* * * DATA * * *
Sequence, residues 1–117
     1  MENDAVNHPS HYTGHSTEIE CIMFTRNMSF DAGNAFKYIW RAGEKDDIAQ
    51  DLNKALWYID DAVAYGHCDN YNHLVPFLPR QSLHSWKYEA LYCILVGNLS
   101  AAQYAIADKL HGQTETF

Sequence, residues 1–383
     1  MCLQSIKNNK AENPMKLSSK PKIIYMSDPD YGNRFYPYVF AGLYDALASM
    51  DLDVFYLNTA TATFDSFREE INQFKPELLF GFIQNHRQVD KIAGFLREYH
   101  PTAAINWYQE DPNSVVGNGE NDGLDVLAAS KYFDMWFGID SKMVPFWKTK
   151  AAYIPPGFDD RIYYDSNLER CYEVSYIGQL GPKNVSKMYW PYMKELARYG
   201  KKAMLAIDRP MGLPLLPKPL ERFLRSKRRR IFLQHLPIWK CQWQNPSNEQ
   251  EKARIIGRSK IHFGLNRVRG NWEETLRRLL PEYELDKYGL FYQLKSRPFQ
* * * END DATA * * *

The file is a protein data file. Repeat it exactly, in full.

Sequence, residues 1–117
     1  MENDAVNHPS HYTGHSTEIE CIMFTRNMSF DAGNAFKYIW RAGEKDDIAQ
    51  DLNKALWYID DAVAYGHCDN YNHLVPFLPR QSLHSWKYEA LYCILVGNLS
   101  AAQYAIADKL HGQTETF

Sequence, residues 1–383
     1  MCLQSIKNNK AENPMKLSSK PKIIYMSDPD YGNRFYPYVF AGLYDALASM
    51  DLDVFYLNTA TATFDSFREE INQFKPELLF GFIQNHRQVD KIAGFLREYH
   101  PTAAINWYQE DPNSVVGNGE NDGLDVLAAS KYFDMWFGID SKMVPFWKTK
   151  AAYIPPGFDD RIYYDSNLER CYEVSYIGQL GPKNVSKMYW PYMKELARYG
   201  KKAMLAIDRP MGLPLLPKPL ERFLRSKRRR IFLQHLPIWK CQWQNPSNEQ
   251  EKARIIGRSK IHFGLNRVRG NWEETLRRLL PEYELDKYGL FYQLKSRPFQ